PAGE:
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Should you edit a film you also direct

posted 5 Apr 2012, 03:08 by Ben Edwards   [ updated 5 Apr 2012, 09:57 ]
As part of the research I did for my MA, where I am specialising in Picture Editing, I interviewed several editors.  One of the things that was discussed was if it was a god idea for the same person to edit and direct a film.  The output of the research was fairly unstructured, below are some quotes from the editors and my observations.  Hopefully this is of some interest/use. Bear in mind that this is just a single section of the research and there are names in here and some ideas that may seem a bit out of context.
  • 'When I have tried shooting and directing my own stuff its really difficult to edit your own stuff, you need someone else to edit it.’ Steve Philips (TV Editor, David Attenborough).
  • '(in terms of the Reckless Eric Film you shot and have been cutting) ‘I think I need to get an editor to cut that film rather than I cut it myself cos I don't think you can cut your own film. I think you learn I might be a completely competent editor, I can tell a story, and I can join shots together, but when it is my own story or my own film, then you need somebody who is an editor, and the editor is not you.' Mark Atkins (Feature Documentary Editor, Nick Broomfield).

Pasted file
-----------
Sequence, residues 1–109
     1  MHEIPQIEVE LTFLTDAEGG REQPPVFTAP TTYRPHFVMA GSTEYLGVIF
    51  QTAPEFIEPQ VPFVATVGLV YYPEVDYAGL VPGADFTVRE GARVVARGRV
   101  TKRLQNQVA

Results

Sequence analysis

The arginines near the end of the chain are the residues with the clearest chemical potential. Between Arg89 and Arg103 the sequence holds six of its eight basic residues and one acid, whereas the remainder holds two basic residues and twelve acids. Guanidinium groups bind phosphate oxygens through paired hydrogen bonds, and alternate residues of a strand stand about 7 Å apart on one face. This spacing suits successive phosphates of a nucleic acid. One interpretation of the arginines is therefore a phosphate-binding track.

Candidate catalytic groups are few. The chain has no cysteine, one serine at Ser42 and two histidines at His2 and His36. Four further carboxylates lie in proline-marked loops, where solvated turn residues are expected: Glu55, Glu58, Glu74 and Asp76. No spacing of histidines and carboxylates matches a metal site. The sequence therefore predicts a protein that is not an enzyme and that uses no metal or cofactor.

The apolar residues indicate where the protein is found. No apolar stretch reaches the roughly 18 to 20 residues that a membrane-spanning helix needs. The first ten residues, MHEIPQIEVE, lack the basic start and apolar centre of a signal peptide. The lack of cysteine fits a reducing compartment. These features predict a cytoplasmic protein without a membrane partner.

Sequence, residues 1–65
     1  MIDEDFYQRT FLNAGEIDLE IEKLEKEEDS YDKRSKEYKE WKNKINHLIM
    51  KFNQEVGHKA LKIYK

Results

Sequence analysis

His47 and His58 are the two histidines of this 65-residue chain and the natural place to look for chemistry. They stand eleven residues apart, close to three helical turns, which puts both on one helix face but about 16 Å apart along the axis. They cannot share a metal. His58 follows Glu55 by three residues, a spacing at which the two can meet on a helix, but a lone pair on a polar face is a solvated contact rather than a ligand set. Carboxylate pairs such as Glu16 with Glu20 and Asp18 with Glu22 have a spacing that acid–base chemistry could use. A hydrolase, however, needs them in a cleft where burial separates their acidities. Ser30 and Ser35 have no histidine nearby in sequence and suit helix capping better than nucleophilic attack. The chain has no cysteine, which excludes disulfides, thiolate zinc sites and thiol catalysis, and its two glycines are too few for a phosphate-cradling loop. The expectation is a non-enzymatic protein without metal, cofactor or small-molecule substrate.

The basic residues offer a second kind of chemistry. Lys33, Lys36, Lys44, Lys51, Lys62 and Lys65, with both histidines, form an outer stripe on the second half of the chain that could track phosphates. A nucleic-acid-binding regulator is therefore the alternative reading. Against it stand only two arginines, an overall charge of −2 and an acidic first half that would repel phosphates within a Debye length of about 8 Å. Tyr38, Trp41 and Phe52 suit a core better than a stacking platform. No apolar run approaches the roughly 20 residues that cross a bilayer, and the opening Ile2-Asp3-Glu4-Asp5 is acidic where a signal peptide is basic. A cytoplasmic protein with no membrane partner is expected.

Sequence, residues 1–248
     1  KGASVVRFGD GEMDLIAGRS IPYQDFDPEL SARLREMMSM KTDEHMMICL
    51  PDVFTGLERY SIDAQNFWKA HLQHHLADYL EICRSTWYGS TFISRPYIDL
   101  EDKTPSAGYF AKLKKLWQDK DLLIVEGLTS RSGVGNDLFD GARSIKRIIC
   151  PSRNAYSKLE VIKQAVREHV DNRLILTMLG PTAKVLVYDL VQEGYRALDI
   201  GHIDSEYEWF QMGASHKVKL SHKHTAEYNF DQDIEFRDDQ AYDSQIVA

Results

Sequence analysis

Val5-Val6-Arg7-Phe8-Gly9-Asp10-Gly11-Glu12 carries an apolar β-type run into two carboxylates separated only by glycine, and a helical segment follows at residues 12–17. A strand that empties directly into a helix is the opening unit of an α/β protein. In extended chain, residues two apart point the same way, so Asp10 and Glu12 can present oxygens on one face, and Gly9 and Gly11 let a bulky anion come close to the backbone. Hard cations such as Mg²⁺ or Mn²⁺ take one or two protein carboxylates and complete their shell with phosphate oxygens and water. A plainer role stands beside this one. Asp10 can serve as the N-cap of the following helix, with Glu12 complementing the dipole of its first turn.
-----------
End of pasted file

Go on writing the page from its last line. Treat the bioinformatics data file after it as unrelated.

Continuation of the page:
• ‘(if you are directing something would you edit it as well?) ‘I have done that a few times now but if the budget allowed the next thing that I did I would have a editor to edit it that was someone other than me. That dialogue is very useful and as an editor you can kind of get stuck in your own head and you might obsess about something that was a very quick conversation to the director or somebody else, often times it might be the producer...I think the distance is helpful for the director, okay you shoot it, let the editor do his thing, and then when you’re looking at it you had a little time away from it and you respond to a little bit differently. If you’re both directing and editing you don’t really have that luxury. ’ Richard Hankin (Feature Documentary Editor, capturing the Friedmans).
  • ‘How am I supposed to know exactly what is going to work, what’s the best way to serve the material? It’s better to work with someone else and that's (the editors) specific role and where the training lies. I know these people, I know everything about them, I know how I feel about them but the audience does not know anything until they see the the editor helps you disentangle yourself from all that and try to see it objectively.’Conor Mccormack (TV Director, Christmas with Dad).
I have worked with directors in several ways, either will them in the room a lot and with them only around occasionally. All the directors I have spoken to have emphasised the need for a certain distance between the editor and director. This and my previous experience, has led me to develop a working practice where I try to avoid cutting while they are in the room, especially in in the early stages. Obviously it is the director who ultimately decides this but I think explaining how I would like to work and explaining why is a big part of this.